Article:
And remember to follow me on Twitter at @scottkleinberg. And hey! Now you know how to add me to a List.

Thanks for reading Social Media Adviser.


What do you think?

View comments

Recommended for you

Sponsored financial news

Upcoming Event

Mar 13



InvestmentNews is honoring female financial advisers and industry executives who are distinguished leaders at their firms. These women have advanced the business of providing advice through their passion, creativity, inclusive approach and... Learn more

Featured video


Why some retirement plan advisers think Fidelity is invading their turf

InvestmentNews editor Frederick P. Gabriel Jr. and reporter Greg Iacurci talk about this week's cover story that looks at whether Fidelity Investments is stepping on the toes of retirement plan advisers.

Latest news & opinion

Is Fidelity competing with retirement plan advisers?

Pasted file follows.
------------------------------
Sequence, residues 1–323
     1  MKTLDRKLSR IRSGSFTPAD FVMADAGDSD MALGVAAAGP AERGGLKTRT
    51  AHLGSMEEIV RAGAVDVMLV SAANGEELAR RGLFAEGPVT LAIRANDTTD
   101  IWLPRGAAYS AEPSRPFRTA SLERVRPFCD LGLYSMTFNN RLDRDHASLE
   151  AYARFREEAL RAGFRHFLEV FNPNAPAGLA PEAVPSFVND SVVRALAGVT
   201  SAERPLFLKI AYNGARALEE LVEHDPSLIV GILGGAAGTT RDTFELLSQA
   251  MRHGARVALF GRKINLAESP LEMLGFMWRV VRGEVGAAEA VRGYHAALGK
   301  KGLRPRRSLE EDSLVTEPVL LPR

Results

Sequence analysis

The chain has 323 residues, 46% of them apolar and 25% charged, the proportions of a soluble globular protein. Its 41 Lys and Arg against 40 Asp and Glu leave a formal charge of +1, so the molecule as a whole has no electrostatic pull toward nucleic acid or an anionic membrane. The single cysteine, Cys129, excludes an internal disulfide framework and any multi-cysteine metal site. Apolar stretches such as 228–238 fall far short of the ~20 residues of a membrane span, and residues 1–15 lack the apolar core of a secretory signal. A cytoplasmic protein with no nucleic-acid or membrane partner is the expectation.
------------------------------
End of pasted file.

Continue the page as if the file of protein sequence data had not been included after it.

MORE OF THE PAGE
As the Boston-based mutual fund giant expands the products and services it brings to the retirement market, some financial advisers say the firm is encroaching on their turf.

Gun violence hits investment strategies, sparks political debates with advisers

Screening out weapons companies has limited downside.

Whistleblower said to collect $30 million in JPMorgan case

The bank did not properly disclose that it was steering asset-management customers into investments that would be profitable for JPMorgan Chase.

Social Security underpaid 82% of dually entitled widows and widowers

Agency failed to tell survivors that they could switch to a higher retirement benefit later.

If Finra eases firm oversight of outside business activities, broker-dealers could lose revenue

Brokerage firms would no longer be able to charge reps for supervising nonaffiliated RIAs.


Hi! Glad you're here and we hope you like all the great work we do here at InvestmentNews. But what we do is expensive and is funded in part by our sponsors. So won't you show our sponsors a little love by whitelisting It'll help us continue to serve you.

Yes, show me how to whitelist

Ad blocker detected. Please whitelist us or give premium a try.


Subscribe and Save 60%

Premium Access
Print + Digital

Learn more
Subscribe to Print